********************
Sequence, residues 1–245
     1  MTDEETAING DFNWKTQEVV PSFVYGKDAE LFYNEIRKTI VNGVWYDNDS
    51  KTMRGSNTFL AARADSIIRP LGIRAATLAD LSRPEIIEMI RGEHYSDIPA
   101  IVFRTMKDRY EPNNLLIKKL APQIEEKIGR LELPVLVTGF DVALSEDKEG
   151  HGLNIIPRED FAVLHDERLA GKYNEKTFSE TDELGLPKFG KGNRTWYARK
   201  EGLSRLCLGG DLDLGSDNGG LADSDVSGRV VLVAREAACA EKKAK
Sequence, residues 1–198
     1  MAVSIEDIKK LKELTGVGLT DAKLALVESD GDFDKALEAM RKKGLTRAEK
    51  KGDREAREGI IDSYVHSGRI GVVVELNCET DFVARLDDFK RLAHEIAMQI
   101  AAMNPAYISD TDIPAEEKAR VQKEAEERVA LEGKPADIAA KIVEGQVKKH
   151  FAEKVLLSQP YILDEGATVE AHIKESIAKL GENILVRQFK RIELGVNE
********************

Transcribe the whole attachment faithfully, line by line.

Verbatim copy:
Sequence, residues 1–245
     1  MTDEETAING DFNWKTQEVV PSFVYGKDAE LFYNEIRKTI VNGVWYDNDS
    51  KTMRGSNTFL AARADSIIRP LGIRAATLAD LSRPEIIEMI RGEHYSDIPA
   101  IVFRTMKDRY EPNNLLIKKL APQIEEKIGR LELPVLVTGF DVALSEDKEG
   151  HGLNIIPRED FAVLHDERLA GKYNEKTFSE TDELGLPKFG KGNRTWYARK
   201  EGLSRLCLGG DLDLGSDNGG LADSDVSGRV VLVAREAACA EKKAK
Sequence, residues 1–198
     1  MAVSIEDIKK LKELTGVGLT DAKLALVESD GDFDKALEAM RKKGLTRAEK
    51  KGDREAREGI IDSYVHSGRI GVVVELNCET DFVARLDDFK RLAHEIAMQI
   101  AAMNPAYISD TDIPAEEKAR VQKEAEERVA LEGKPADIAA KIVEGQVKKH
   151  FAEKVLLSQP YILDEGATVE AHIKESIAKL GENILVRQFK RIELGVNE